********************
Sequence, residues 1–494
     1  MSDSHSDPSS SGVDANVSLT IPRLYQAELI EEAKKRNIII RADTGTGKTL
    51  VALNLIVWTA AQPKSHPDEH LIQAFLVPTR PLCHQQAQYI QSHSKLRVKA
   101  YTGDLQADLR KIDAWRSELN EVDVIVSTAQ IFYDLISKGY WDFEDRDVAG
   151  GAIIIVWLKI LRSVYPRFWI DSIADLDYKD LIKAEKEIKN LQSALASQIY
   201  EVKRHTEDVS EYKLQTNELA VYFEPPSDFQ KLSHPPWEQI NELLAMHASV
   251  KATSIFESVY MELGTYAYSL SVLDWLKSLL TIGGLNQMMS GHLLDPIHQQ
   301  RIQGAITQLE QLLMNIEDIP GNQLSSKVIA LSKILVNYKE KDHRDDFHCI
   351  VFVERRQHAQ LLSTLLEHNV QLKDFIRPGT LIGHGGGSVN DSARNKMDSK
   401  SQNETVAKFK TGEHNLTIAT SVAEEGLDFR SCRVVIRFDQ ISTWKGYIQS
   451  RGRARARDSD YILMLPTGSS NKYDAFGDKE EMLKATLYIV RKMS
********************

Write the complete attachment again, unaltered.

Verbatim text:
Sequence, residues 1–494
     1  MSDSHSDPSS SGVDANVSLT IPRLYQAELI EEAKKRNIII RADTGTGKTL
    51  VALNLIVWTA AQPKSHPDEH LIQAFLVPTR PLCHQQAQYI QSHSKLRVKA
   101  YTGDLQADLR KIDAWRSELN EVDVIVSTAQ IFYDLISKGY WDFEDRDVAG
   151  GAIIIVWLKI LRSVYPRFWI DSIADLDYKD LIKAEKEIKN LQSALASQIY
   201  EVKRHTEDVS EYKLQTNELA VYFEPPSDFQ KLSHPPWEQI NELLAMHASV
   251  KATSIFESVY MELGTYAYSL SVLDWLKSLL TIGGLNQMMS GHLLDPIHQQ
   301  RIQGAITQLE QLLMNIEDIP GNQLSSKVIA LSKILVNYKE KDHRDDFHCI
   351  VFVERRQHAQ LLSTLLEHNV QLKDFIRPGT LIGHGGGSVN DSARNKMDSK
   401  SQNETVAKFK TGEHNLTIAT SVAEEGLDFR SCRVVIRFDQ ISTWKGYIQS
   451  RGRARARDSD YILMLPTGSS NKYDAFGDKE EMLKATLYIV RKMS